But what has happened in this last verse? Some kind of extremely sketchy drinking bout in the mountains, with disastrous results, but with whom, where, why, and how? Bromberg and Dylan don’t have to explain any more than that, because they are counting on us to be familiar with the original legend, as Irving has told it, in the guise of his own narrator, his famous fictional historian and folklorist of Old New York, Diedrich Knickerbocker, who himself claims to have gotten it directly from people who knew Van Winkle in the flesh. In that version, van Winkle, while atop one of the highest Catskills peaks, hears a mysterious voice echoingly calling out his name and, following the sound, encounters a strange little man, dressed in the garb of the long-ago Dutch settlers, carrying a keg of liquor on his back. Face-to-face the man says nothing to Rip, but he, always ready for any venture that promises to be more engaging than the drudgery of working his own land, immediately sets off with the man, helping him carry the keg over ravines and promontories, until at last they reach a secluded dale, where they meet many more of the strange, Dutch-clad fellows, playing at nine-pins, the sounds of which resound like thunder over the mountains. No one says a word to Rip; or to another; they only gape at him queerly, tap the keg, and begin drinking deeply from huge flagons. Uninvited but ignored, Rip helps himself to the drink, which he finds marvelously and refreshingly sweet but in short time drops him into his lengthy slumber. He awakes on what he thinks is the next morning, still deep in the mountains, his mysterious companions gone, his rifle rusted, his beard grown to a foot’s length, and faithful Wolf run off. He returns to town to discover with a shock that he’s been gone almost 20 years and almost forgotten. In Irving’s denouement, we learn that he’s been drinking with the revenants of Henry Hudson and his crew of the Half-Moon, the Dutch ship in which, sailing for the Dutch East India Company he became, in September 1609, the first to “discover” and explore the Hudson River, as far north as present-day Albany. In doing so, he laid the groundwork for the Dutch foundation of New York, which by Rip van Winkle’s day had long since been lost to the British. According to legend, Irving tells us, Hudson and his men still haunt the Catskills at regular intervals.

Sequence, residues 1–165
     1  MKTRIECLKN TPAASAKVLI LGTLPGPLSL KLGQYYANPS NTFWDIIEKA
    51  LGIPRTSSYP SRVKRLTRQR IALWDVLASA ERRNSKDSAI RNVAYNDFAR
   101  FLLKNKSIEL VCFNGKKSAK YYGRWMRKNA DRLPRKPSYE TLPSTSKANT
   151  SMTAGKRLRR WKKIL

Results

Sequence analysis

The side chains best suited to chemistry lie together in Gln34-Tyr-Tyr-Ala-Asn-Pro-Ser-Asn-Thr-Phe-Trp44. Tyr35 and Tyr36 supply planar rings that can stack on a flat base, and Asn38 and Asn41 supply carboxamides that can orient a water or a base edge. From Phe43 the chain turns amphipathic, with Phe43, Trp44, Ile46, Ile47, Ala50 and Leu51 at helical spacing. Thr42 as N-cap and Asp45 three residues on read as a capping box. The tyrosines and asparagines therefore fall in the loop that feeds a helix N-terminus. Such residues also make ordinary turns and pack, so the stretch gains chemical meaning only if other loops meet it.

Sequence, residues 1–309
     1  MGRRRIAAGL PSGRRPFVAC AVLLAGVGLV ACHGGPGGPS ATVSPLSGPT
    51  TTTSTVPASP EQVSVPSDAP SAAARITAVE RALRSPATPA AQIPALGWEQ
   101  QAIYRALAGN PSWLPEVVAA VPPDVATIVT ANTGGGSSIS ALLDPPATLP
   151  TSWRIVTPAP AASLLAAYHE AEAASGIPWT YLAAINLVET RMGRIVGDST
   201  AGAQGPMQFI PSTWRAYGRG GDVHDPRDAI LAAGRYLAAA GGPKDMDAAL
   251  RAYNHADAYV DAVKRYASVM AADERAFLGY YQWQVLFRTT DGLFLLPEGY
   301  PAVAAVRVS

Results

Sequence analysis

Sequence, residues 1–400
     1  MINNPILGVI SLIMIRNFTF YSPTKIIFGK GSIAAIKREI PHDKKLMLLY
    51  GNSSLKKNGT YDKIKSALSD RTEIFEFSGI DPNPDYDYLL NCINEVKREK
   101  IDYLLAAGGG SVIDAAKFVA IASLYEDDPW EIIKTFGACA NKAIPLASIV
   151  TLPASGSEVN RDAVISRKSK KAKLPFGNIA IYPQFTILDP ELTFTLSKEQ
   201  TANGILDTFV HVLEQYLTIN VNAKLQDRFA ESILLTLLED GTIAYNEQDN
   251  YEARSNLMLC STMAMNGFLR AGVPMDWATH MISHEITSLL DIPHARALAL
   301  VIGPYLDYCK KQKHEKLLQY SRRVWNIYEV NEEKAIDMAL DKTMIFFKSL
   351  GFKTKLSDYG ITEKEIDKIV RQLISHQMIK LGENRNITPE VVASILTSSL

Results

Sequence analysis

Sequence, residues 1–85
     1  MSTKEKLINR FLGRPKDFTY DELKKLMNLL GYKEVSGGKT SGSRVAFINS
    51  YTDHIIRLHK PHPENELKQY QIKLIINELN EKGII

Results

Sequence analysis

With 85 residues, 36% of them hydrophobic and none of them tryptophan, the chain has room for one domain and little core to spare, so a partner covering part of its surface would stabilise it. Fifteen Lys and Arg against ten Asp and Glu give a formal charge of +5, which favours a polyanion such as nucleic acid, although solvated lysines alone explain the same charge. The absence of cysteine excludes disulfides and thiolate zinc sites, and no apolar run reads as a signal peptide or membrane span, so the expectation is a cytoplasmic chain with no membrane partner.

So what do we have here, in “Kaatskill Serenade”? At its simplest, and there is no need necessarily to get any more complicated than this, a beautiful, little, obscure performance, with charm and pathos, of a beautiful little song. Dylan was certainly content to let it remain obscure, taking no steps to provide its wider release (but he’s done that with a lot of valuable work), and the recording certainly has a ramshackle, unfinished feel to it, which for me only adds to its truthfulness and rightness; the house is tumbled down. But a “song has to be heroic enough to stop time,” Dylan once said, and this one certainly meets that test. How does it do that?
By holding some 400 years of American folklore, tradition, history, literature, “roots’” in its present day grasp. Consider what we have here: a contemporary song that works partly, best, as a kind of dialogue with a nearly 200-year-old short story, one of the foundation stones of a distinctly American literature, that presents itself (the literary work) as a recounting of a piece of folklore that reaches, in its furthest resonances, even 200 years farther back. Look how much time — lost time — has been stopped, gathered, held, and regained. If a song has to be heroic enough to stop time, “Kaatskill Serenade,” as rendered here, is heroic indeed.
This question of stopping time, of lost time, is important to much of Dylan’s work, particularly and not surprisingly, as he grows older, as there is more and more “time out of mind.” It’s a common enough artistic concern: Proust spent his entire artistic life in search of lost time, with finding a method that would allow him to regain (and thereby stop) it, and to creating a work (his own kind of song) heroic enough to stop it. Faulkner devoted his artistry to showing all the ways in which the “past is not gone; it’s not even past.”